"Human Rights Organizations Slam Mudavadi's Denial of Police Brutality"

Prime CS Musalia Mudavadi

Prime Cabinet Secretary and Cabinet Secretary for Foreign and Diaspora Affairs Musalia Mudavadi's statement denying police brutality in Kenya is considered shameful and disconnected from reality by a group of human rights organizations under the Missing Voices Coalition.

The coalition stated that they have documented and verified numerous cases of police killings and enforced disappearances, highlighting a systemic issue that requires urgent attention. "Last year alone, we recorded 125 cases of police killings and 10 enforced disappearances. The year before, we had a whopping 153 reported cases. These data contradict Mudavadi’s assertion on an international platform," said the group via their official handle.

On February 14, 2023, Mudavadi defended Kenya’s human rights record and the integrity of the police service during the 44th ordinary session of the African Union’s Executive Council of Foreign Affairs Ministers in Addis Ababa, Ethiopia. Responding to an assertion by the African Commission on Human and Peoples’ Rights, Mudavadi stated that police brutality and the use of excessive force do not occur in Kenya. He further claimed that citizens freely report any allegations of police impunity to the Independent Policing Oversight Authority (IPOA). "This body investigates such impunity if any and holds individual police officers accountable, including through prosecution," Mudavadi said.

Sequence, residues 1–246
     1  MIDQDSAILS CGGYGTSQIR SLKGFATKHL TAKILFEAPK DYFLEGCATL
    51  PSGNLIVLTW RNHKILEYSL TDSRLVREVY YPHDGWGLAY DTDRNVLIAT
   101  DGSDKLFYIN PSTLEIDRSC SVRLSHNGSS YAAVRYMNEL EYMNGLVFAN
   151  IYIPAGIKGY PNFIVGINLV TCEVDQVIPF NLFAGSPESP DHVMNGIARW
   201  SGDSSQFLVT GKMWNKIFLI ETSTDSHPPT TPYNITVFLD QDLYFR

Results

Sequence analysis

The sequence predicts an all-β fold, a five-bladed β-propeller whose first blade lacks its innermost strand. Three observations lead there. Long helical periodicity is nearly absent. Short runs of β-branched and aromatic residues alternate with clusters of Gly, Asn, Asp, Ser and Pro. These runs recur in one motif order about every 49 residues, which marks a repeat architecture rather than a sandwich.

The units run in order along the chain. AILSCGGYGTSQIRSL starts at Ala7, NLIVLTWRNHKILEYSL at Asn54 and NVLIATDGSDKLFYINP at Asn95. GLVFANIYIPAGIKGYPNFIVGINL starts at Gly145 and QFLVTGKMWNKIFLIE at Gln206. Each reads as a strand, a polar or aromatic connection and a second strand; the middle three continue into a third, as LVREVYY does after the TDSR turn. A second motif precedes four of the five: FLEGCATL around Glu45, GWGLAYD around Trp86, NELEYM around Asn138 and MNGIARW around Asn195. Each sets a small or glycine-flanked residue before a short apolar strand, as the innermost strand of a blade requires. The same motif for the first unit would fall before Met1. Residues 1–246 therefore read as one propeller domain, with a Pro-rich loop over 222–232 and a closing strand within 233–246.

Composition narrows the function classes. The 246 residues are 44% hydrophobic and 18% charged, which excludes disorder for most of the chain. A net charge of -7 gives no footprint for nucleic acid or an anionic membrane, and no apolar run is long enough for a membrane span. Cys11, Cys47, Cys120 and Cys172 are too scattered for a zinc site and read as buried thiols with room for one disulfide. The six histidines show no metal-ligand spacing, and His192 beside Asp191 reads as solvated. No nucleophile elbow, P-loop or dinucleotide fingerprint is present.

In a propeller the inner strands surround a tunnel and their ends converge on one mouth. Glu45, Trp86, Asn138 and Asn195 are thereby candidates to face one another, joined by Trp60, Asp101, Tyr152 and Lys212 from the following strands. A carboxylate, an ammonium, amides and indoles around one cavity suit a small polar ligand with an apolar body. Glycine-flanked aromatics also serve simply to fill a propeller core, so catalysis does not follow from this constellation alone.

In response to Mudavadi's assertions, Missing Voices argued that the notion that police brutality doesn’t occur in Kenya dismisses the experiences of individuals and communities who have suffered at the hands of law enforcement. "In the last five years, we have recorded at least 810 cases of police killings. More than 90 percent of these cases have not been prosecuted," the group noted. "It’s essential to acknowledge these injustices and work towards meaningful solutions. Denial of police brutality only perpetuates a culture of impunity and undermines efforts to build trust between the police and the public. Addressing this issue requires transparency, accountability, and a commitment to upholding human rights."

Last week, Afrobarometer, a non-partisan survey research network on the views of ordinary Africans to inform development and policy decision-making, released a report that shed light on the unprofessional conduct of the Kenyan police force. The report indicated police brutality, excessive force, and lack of accountability. Kenya topped the list of 39 countries, with 66 percent of those interviewed stating they believe the Kenyan police are unprofessional in discharging their duties.